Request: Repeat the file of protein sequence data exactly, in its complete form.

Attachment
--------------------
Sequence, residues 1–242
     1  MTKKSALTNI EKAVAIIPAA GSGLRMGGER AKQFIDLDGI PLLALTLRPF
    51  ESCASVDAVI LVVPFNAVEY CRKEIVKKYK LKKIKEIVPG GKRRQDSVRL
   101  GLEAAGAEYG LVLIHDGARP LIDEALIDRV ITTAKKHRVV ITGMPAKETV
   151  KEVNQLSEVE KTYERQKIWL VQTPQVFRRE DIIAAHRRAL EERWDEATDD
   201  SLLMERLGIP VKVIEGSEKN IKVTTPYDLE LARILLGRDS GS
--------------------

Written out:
Sequence, residues 1–242
     1  MTKKSALTNI EKAVAIIPAA GSGLRMGGER AKQFIDLDGI PLLALTLRPF
    51  ESCASVDAVI LVVPFNAVEY CRKEIVKKYK LKKIKEIVPG GKRRQDSVRL
   101  GLEAAGAEYG LVLIHDGARP LIDEALIDRV ITTAKKHRVV ITGMPAKETV
   151  KEVNQLSEVE KTYERQKIWL VQTPQVFRRE DIIAAHRRAL EERWDEATDD
   201  SLLMERLGIP VKVIEGSEKN IKVTTPYDLE LARILLGRDS GS